The Aaron Swartz lesson: how undeveloped laws target the vulnerable

A tragedy, with a powerful moral.

On Friday 11 January, Aaron Swartz was found dead at his apartment in New York. He was 26. The following day, Tim Berners-Lee, creator of the World Wide Web, tweeted: “Aaron dead. World wanderers, we have lost a wise elder. Hackers for right, we are one down. Parents all, we have lost a child. Let us weep.”

The response to his death by suicide was overwhelming but unsurprising – Swartz had been an internet legend since his teenage years. At 14, he helped to put together RSS – technology that is part of the backbone of the web. While still in his teens, he played a vital role in creating Reddit, the hugely popular networking news site, and shared the profits when it was later bought by Condé Nast.

Swartz was a hero to activists pushing for open access to content on the internet, working to create a free public library and founding Demand Progress – a pressure group that successfully campaigned against the Stop Online Piracy Act. He was also an inspiration to many.

His friend Lawrence Lessig, a Harvard professor, wrote: “He was brilliant, and funny. A kid genius. A soul, a conscience, the source of a question I have asked myself a million times: What would Aaron think?”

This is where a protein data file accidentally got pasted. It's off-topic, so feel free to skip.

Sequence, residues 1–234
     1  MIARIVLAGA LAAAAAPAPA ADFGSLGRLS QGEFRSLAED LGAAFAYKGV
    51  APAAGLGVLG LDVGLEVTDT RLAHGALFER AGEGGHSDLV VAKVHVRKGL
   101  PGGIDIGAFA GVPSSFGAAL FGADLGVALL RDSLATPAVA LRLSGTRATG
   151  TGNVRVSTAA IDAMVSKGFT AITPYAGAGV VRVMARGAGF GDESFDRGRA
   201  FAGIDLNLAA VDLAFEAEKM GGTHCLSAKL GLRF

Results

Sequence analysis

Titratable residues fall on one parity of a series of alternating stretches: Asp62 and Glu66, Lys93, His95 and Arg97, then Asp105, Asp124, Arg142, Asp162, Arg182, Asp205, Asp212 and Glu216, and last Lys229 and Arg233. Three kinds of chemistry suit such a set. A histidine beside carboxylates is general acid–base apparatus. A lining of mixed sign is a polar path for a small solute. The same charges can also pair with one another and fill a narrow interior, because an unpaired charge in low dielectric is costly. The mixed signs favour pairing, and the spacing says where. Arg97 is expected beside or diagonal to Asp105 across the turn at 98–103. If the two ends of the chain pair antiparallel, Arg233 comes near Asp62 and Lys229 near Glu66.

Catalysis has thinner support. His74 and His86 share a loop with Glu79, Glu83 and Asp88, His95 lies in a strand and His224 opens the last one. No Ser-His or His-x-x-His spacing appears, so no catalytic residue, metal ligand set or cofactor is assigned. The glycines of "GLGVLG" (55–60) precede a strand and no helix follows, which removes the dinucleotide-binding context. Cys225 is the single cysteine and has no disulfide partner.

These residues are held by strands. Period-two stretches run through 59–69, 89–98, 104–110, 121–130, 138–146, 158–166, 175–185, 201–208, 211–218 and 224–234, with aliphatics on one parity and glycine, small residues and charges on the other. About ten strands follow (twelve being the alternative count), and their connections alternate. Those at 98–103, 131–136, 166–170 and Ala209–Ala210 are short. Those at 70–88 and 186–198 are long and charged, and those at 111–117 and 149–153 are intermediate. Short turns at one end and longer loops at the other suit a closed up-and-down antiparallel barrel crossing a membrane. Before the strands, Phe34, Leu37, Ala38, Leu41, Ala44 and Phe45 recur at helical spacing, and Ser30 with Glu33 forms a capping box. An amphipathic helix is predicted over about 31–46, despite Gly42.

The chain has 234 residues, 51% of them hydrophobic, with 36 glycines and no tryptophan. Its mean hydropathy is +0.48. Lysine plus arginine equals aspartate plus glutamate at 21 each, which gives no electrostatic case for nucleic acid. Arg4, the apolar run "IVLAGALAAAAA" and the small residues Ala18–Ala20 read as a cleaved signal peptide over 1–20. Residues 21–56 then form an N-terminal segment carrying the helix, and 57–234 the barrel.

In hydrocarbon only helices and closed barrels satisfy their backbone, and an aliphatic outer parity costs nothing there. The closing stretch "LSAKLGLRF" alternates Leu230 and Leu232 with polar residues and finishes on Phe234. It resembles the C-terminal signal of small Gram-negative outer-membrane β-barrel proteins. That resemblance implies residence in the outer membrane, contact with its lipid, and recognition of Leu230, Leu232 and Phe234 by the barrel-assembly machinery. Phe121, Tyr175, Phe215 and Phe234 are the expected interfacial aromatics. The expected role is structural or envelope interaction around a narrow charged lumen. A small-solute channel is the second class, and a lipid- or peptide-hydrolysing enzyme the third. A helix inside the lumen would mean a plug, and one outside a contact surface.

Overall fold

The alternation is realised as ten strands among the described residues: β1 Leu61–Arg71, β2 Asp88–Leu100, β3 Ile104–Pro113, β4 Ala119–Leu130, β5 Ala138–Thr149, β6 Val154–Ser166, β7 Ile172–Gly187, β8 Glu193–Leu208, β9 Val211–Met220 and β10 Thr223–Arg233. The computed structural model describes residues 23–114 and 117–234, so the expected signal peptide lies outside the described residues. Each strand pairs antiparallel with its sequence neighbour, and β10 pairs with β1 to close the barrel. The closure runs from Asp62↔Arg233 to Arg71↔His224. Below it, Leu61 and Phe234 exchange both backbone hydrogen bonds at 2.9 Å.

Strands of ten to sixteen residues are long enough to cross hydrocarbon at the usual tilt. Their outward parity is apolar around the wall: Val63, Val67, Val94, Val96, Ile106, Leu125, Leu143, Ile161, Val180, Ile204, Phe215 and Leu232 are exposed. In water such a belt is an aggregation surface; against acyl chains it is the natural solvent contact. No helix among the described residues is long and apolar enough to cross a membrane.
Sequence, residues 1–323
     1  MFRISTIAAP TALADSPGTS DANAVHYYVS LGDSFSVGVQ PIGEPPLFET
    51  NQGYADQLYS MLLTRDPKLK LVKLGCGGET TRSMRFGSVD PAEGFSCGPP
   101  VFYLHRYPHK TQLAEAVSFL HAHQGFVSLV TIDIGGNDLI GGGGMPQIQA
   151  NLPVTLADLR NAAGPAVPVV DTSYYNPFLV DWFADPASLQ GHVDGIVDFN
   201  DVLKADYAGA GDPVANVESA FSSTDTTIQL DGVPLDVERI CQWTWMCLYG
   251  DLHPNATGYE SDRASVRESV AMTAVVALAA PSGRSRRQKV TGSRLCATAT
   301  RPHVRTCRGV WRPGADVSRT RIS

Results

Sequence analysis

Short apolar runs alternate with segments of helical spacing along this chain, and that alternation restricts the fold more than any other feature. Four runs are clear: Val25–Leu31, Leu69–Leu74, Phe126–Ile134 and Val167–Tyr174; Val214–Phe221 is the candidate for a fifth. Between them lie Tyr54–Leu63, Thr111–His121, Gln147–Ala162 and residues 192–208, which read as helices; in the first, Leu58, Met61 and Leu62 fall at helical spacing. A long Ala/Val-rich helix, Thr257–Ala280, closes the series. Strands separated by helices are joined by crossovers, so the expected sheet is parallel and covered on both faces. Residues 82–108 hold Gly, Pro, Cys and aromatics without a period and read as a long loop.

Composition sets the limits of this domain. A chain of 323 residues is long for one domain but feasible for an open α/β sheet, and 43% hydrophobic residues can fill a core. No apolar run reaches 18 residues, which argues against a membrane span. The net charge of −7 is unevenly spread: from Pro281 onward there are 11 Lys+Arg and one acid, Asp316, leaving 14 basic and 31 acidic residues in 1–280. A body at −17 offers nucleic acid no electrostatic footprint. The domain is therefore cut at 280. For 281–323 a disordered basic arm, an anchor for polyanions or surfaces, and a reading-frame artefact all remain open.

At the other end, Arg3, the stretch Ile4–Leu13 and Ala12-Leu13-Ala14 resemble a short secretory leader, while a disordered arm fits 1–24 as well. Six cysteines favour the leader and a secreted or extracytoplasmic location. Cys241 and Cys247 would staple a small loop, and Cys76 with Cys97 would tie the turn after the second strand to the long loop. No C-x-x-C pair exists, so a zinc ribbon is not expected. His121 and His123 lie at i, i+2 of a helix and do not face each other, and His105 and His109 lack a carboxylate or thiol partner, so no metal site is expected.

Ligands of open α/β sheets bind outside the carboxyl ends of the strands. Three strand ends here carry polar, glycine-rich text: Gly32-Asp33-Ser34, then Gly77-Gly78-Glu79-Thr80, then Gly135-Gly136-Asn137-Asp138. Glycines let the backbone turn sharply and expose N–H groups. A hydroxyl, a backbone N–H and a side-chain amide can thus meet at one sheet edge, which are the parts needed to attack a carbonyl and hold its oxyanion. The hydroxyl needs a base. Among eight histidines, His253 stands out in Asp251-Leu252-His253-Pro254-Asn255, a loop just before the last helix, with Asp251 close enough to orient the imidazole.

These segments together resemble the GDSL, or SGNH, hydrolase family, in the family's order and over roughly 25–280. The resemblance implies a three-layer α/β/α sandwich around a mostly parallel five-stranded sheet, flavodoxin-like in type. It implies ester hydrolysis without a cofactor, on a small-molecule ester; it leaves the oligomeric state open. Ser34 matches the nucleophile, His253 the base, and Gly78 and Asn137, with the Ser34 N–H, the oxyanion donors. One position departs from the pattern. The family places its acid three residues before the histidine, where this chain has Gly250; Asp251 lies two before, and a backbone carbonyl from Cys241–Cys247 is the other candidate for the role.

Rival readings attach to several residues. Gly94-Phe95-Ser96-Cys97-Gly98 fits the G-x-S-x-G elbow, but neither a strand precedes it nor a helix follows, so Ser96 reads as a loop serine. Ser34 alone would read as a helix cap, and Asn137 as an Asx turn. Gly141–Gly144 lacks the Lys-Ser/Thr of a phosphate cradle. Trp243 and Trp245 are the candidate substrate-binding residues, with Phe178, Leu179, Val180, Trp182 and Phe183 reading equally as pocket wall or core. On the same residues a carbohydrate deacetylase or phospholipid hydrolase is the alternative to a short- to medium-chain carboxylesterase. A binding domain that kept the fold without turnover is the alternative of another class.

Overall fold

Then there were the stunts. At one point, Swartz made about 20 per cent of US case law available on the web for free. Although it was officially in the “public domain”, the system that categorised it – Pacer – charged a fee to everyone who tried to access it. Activists created Recap, a database that collected what people had already bought and gave it to others for free. Through this – devised at his own expense – Swartz moved a large amount of data on to the web. He was pursued by the FBI but it dropped the charges. The rumour was it bore a grudge.

The big problems started when Swartz crept into the Massachusetts Institute of Technology with a laptop and started downloading millions of academic journal articles from the subscription-only service JSTOR. At the time he was charged, he hadn’t yet distributed them. And he never intended to make money from any of it.

However, US government prosecutors hit him with the harshest possible penalties. Swartz ended up facing more than 30 years in jail, trapped by laws that had been designed to deal with organised criminals, bank robbers and those who steal corporate information for profit.

“Stealing is stealing,” said the federal attorney Carmen Ortiz, speaking for the prosecution at the time, “whether you use a computer command or a crowbar, and whether you take documents, data or dollars.”

Her phrasing echoes the much-mocked anti-piracy ads that begin “You wouldn’t steal a car . . . You wouldn’t steal a handbag” and feature sirens wailing and cops approaching as a schoolchild tries to download a copy of what is probably Mean Girls off Pirate Bay. Those ads are mocked for a reason. Downloading a film (or an article) is self-evidently not the same as stealing one from a shop. For one thing, the precise laws governing online behaviour are ill-defined and badly enforced. And when the laws are enforced, it seems random, unforeseeable and badly out of proportion.